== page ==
Recently, Fantasy Hockey Scouts was asked to join an experts keeper league by Eric over at NHLTradeTracker.com. We were taking over a team who elected not to rejoin. First, let's take a look at the best competition that I've ever been up against:
- Three teams from Rotoworld
- TSN.ca - Cullen
- Dobber Hockey - Miller
- Kukla's Korner - Ian
- The Sports Forecaster
- Yahoo! - Matt Romig (last season's winner)
- NHL.com - Cubeta
- SiriusXM - Flowers
The league's format is a 12-team rotisserie style with keepers. The categories are goals, assists, +/-, PPP, shots, hits, blocks, GAA, SV%, and wins. You'll notice the conspicuously missing PIM category. This is the first league I've ever participated in where PIM was not a factor. Each team had four keepers with a max of just one goalie. I was lucky enough to inherit a team that included the likes of Pekka Rinne, John Tavares, Erik Karlsson, and Jordan Eberle. It was tough to pass on keeping Jonathan Toews, but I felt like the four I chose were a no brainer. I netted the last pick in the draft which I was fine with.
The pace of the draft was interesting. It seemed each team had their own style of either making a quick pick within 10 seconds or taking the full 90 seconds. I was also interested to see two separate position runs early on in the draft. There was a goalie run almost immediately. Of the first 18 picks, 9 of them were spent on goalies. I joined in on this run, taking Braden Holtby with my snake pick. A couple of rounds later there was a run on defensemen. Between the third and fifth rounds of the draft (not including the keeper rounds) there were 13 defensemen taken in the span of 25 picks. I was glad to get multi-cat stud, P.K. Subban to open the fourth round in the middle of that run.
The hits and blocks categories put a premium on the Gabriel Landeskog types. So for me, Evander Kane was the obvious choice when my first pick came up. I continued the trend of taking players who can contribute in the hits category while still putting up points with my early picks of Max Pacioretty, Joffrey Lupul, and Wayne Simmonds. Later on in the draft, the likes of Ryan Malone, Brian Boyle, and Steve Ott gave me more of the same, albeit without the same scoring punch.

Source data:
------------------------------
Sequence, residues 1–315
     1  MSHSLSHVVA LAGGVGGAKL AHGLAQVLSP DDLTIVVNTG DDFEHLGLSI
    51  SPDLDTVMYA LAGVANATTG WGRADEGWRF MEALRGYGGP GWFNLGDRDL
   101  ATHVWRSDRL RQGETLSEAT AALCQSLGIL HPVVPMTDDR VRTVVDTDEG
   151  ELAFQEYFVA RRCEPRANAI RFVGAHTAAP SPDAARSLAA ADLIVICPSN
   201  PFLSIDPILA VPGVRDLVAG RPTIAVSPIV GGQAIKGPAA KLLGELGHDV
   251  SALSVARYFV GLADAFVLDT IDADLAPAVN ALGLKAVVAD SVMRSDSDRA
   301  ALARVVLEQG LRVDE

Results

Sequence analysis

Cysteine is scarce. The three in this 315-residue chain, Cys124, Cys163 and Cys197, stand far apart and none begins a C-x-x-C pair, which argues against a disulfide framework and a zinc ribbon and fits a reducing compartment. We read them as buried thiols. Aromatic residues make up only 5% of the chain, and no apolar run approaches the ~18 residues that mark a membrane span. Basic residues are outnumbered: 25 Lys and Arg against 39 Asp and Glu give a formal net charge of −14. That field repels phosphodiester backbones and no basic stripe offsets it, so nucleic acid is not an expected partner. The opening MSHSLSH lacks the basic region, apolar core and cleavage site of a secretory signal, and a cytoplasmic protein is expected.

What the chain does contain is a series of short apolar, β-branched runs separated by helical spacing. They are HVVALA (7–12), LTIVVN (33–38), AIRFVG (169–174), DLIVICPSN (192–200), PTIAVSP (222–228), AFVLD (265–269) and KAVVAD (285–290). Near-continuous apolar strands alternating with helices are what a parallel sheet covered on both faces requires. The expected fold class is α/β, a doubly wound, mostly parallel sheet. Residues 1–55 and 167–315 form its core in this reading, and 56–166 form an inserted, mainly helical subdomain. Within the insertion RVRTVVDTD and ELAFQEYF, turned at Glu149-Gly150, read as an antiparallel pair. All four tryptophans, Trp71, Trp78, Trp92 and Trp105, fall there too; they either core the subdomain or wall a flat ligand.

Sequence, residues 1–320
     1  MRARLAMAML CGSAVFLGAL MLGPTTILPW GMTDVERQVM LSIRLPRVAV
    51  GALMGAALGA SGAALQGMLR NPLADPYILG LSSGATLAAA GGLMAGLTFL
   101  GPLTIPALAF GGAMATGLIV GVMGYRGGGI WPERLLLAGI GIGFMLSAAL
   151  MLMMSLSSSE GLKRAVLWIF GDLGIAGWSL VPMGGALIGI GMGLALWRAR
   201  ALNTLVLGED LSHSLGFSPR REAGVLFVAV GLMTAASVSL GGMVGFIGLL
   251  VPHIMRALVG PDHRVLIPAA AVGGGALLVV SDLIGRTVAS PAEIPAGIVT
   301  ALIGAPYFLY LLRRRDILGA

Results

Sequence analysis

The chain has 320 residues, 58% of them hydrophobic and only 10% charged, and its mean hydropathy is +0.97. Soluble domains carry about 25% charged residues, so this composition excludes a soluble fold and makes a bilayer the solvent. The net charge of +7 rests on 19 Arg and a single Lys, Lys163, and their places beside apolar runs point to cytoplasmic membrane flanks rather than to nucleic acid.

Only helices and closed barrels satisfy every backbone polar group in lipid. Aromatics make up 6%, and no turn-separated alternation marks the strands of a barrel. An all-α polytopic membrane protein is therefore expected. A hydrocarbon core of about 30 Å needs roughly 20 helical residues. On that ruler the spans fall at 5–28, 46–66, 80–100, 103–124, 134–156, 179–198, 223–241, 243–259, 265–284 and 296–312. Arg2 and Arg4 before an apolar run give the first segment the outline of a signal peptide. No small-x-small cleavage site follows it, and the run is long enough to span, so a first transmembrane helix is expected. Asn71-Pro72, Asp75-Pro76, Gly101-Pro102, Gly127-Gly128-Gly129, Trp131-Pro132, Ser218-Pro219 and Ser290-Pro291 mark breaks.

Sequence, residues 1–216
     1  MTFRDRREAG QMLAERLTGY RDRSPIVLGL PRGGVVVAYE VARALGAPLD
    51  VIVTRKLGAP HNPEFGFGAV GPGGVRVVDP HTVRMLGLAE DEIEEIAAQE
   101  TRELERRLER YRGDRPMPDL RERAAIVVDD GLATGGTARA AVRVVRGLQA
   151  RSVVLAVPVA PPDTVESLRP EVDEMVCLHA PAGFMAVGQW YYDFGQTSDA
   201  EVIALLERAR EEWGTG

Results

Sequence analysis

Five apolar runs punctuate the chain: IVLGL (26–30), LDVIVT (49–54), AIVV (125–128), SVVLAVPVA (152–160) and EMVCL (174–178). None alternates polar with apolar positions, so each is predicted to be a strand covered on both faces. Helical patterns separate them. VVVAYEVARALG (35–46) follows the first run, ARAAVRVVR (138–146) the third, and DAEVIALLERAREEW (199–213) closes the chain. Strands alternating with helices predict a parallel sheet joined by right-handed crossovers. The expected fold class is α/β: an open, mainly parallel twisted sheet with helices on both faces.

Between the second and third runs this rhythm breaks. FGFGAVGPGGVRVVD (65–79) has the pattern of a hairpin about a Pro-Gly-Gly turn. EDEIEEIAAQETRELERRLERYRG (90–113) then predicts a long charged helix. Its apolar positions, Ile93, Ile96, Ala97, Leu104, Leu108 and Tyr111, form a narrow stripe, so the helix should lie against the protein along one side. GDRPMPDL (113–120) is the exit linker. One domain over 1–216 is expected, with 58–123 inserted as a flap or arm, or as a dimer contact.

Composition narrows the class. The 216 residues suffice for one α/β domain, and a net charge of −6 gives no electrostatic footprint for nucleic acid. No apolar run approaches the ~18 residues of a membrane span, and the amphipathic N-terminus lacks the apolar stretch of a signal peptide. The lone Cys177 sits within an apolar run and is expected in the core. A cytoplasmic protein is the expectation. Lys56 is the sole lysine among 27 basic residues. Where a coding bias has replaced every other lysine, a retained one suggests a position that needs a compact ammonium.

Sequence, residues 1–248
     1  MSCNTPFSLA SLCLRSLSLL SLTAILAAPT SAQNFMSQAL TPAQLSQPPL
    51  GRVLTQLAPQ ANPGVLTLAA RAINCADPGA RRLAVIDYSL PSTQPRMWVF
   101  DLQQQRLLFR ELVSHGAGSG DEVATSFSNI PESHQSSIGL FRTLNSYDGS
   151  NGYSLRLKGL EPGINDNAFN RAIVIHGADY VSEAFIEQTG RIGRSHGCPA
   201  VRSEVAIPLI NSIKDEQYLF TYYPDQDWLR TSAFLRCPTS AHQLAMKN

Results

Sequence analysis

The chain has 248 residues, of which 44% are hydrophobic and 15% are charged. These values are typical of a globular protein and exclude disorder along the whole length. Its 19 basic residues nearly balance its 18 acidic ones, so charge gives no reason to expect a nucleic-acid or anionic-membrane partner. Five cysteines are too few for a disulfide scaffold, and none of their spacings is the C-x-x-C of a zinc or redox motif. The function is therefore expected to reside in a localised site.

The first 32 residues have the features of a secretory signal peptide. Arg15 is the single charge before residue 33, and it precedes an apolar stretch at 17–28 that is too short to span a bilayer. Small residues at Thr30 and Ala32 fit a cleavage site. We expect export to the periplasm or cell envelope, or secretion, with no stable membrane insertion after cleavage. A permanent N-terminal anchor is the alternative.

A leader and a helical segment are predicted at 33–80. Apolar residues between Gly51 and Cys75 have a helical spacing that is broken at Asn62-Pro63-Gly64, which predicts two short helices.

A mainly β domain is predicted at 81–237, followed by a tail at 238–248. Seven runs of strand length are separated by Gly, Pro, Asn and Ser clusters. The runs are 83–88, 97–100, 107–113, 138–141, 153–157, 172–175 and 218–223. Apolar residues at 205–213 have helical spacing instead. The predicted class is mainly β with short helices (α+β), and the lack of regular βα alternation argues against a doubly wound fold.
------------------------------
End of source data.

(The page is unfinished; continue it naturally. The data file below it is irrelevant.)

Another facet I was interested to see was where and when rookies/prospects were taken in this draft. Justin Schultz was the first such player taken at 128th overall (this number includes keepers). This is likely due to his assault on the AHL this season (18+30=48 in 34 games). I was the next to take a rookie when I went for Nail Yakupov at 133rd overall. The third one taken was Brendan Smith at 146th overall. There were plenty of rookies taken in the top 200. In order, they were Vladimir Tarasenko (160th), Jonathan Huberdeau (161st), Mikael Granlund (168th), Jakob Silfverberg (171st), and Ryan Ellis (196th). This gives you a good idea of how the experts rank prospects and their chances to contribute this season.
Overall, I thoroughly enjoyed my first experience in an experts league. I believe I did well for myself as I drafted a lot of the players whom I have high hopes/expectations for this season. I'll be making a few posts on our FHS site about this league throughout the season. Below is a full list of my draft. How do you think I did?